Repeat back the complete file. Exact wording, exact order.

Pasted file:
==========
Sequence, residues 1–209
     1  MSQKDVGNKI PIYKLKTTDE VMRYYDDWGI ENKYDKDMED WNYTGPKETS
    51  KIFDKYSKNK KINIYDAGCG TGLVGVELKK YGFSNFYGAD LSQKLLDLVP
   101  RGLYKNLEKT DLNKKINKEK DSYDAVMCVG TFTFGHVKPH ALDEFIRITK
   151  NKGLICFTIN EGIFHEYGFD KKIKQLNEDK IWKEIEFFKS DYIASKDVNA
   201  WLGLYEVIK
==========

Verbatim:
Sequence, residues 1–209
     1  MSQKDVGNKI PIYKLKTTDE VMRYYDDWGI ENKYDKDMED WNYTGPKETS
    51  KIFDKYSKNK KINIYDAGCG TGLVGVELKK YGFSNFYGAD LSQKLLDLVP
   101  RGLYKNLEKT DLNKKINKEK DSYDAVMCVG TFTFGHVKPH ALDEFIRITK
   151  NKGLICFTIN EGIFHEYGFD KKIKQLNEDK IWKEIEFFKS DYIASKDVNA
   201  WLGLYEVIK